By Oh Seok-min
SEOUL, Sept. 5 (Yonhap) -- United States Forces Korea (USFK) Commander Gen. Robert Abrams emphasized the importance of the two countries' alliance on Thursday amid speculation of a possible rift following Seoul's decision to end a military information-sharing pact with Japan.
"It is a repeated, demonstrated commitment to defend one another from the threats that face our countries. We could not and cannot do that alone," Abrams said during the banquet as part of the Seoul Defense Dialogue underway in Seoul.
Noting that the Korea-U.S. alliance is forged through fierce ground combat and solidified through shared value and sacrifices, the commander said, "We refer to our alliance as ironclad, but all you need to understand is that it is much, much more than that."
Last month, South Korea announced its decision to end the General Security of Military Information Agreement (GSOMIA) after Japan imposed export curbs on South Korea in apparent retaliation against the top court's ruling on wartime forced labor.
Washington then publicly expressed disappointment with the decision, as the pact was seen as a rare platform to promote trilateral security cooperation among Seoul, Washington and Tokyo.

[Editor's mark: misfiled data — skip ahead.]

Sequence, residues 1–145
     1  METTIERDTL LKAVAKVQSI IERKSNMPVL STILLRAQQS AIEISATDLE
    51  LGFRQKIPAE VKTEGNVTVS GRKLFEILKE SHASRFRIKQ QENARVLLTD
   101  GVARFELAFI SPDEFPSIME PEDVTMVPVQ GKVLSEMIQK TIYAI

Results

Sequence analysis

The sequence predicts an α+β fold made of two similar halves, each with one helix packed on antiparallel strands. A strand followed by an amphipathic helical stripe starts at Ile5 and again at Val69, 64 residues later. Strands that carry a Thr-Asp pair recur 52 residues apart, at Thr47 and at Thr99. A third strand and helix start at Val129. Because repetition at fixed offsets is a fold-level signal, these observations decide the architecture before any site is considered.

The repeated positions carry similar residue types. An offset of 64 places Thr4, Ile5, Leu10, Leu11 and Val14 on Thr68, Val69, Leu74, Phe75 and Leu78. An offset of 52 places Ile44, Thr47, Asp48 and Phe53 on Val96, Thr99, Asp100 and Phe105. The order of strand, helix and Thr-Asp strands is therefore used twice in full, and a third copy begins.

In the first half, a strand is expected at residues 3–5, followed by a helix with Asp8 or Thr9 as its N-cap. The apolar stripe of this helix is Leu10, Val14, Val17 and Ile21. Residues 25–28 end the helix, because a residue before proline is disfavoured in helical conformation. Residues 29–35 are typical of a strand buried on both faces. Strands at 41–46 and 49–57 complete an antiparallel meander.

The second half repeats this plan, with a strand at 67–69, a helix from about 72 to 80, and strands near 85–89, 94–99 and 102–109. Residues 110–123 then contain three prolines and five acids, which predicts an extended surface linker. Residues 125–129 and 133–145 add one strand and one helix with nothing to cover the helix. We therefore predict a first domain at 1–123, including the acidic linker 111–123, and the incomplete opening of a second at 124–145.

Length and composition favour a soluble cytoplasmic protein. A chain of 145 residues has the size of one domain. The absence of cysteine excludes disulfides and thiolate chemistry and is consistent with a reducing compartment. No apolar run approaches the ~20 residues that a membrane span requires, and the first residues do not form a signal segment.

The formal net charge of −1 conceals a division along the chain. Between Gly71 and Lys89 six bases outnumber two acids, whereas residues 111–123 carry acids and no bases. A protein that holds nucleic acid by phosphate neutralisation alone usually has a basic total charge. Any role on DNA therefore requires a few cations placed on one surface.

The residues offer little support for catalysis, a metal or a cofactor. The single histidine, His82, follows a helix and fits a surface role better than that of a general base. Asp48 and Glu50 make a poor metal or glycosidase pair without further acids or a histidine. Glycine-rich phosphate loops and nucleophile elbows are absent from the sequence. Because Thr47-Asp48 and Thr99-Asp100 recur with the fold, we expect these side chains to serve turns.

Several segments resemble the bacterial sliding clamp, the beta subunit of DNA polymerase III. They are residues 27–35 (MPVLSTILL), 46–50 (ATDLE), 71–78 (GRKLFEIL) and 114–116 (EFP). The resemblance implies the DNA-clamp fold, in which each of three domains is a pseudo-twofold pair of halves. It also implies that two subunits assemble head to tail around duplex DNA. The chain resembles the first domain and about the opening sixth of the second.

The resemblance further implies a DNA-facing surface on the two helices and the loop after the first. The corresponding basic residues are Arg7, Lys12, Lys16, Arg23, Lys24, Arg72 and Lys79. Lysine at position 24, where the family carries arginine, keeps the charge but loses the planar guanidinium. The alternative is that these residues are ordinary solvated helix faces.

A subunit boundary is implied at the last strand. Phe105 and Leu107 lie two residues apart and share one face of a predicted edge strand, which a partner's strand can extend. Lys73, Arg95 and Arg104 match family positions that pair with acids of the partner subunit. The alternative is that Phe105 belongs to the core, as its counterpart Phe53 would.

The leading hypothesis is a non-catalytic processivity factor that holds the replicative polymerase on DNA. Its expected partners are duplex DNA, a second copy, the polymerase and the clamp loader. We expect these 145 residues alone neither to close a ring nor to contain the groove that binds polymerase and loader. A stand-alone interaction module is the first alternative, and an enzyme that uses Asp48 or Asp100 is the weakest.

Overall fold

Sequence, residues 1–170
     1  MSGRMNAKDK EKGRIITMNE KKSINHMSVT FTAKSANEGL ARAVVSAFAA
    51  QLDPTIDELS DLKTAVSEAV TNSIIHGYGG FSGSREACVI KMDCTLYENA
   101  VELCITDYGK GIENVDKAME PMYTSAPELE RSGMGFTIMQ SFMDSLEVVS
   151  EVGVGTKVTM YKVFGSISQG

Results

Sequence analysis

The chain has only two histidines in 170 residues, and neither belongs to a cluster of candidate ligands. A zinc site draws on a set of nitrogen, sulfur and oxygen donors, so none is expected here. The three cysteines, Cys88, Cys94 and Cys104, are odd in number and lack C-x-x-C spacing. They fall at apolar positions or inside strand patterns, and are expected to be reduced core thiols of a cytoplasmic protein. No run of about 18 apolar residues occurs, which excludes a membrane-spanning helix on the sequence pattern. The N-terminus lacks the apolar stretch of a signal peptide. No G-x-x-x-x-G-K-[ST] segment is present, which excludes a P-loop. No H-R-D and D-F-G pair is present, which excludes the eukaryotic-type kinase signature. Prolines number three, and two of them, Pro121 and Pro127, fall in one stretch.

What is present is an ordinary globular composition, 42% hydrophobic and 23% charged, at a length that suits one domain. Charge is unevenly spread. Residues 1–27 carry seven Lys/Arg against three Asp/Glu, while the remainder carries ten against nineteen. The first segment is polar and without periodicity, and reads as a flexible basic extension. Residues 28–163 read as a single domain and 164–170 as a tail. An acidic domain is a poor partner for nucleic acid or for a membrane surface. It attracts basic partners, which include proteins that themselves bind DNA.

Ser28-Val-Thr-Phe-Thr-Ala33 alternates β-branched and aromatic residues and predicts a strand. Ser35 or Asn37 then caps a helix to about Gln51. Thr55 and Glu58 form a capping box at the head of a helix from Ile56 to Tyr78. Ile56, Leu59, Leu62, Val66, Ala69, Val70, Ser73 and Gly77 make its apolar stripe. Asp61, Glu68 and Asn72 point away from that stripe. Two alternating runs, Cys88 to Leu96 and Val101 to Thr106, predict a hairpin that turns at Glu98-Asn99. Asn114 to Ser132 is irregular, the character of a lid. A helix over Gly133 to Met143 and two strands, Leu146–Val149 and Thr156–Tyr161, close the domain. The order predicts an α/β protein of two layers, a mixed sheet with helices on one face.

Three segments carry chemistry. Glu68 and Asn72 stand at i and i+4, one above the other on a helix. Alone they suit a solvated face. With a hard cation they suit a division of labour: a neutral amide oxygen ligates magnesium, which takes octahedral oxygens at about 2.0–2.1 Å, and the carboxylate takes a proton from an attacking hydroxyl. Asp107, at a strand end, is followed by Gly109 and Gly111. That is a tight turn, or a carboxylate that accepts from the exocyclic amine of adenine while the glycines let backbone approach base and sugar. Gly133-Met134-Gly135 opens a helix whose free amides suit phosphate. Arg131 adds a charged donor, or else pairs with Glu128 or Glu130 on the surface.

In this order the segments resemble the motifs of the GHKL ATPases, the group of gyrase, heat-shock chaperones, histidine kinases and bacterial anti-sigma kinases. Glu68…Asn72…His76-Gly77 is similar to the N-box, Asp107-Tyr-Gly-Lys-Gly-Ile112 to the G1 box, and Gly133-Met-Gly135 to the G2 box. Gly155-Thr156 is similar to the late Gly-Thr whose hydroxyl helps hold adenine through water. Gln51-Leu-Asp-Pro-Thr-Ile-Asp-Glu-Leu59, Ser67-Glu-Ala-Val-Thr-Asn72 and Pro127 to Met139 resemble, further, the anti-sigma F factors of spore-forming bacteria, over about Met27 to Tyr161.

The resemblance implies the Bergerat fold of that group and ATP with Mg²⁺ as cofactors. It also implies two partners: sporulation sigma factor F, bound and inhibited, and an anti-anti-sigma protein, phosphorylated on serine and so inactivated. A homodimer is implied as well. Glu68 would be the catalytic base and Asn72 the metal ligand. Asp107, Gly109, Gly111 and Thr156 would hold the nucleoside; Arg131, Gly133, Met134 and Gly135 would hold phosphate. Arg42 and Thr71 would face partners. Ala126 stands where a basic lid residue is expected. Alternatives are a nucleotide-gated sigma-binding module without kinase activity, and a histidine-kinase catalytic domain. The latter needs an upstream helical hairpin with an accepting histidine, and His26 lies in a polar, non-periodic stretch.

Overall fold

Abrams attended the security forum as a U.S. representative after some controversies over Washington's belated reply to Seoul's invitation to the event.
During the dinner, he also stressed the role of the United Nations Command (UNC). Pointing out that the international community as well as the so-called Sending States that are members of the UNC also hope for denuclearization of and permanent peace on the Korean Peninsula, the commander said, "We were here yesterday, we are here today and we will be tomorrow."
South Korea and the U.S. have reportedly shown differences over the UNC's future role after the envisioned transfer of wartime operational control of South Korean troops from Washington to Seoul.
While the U.S. maintained that the UNC should be allowed to give directions to South Korea's Joint Chiefs of Staff (JCS) in contingencies in order to fulfill its primary role of maintaining the armistice on the peninsula, South Korea said it could overstep its authority, and those instructions could collide with the JCS' military operations.
The three-day Seoul Defense Dialogue, which will continue through Friday, brought together hundreds of officials and experts from around 50 countries and international organizations to serve as a venue for discussions and defense diplomacy for security cooperation, according to its organizer, the defense ministry.
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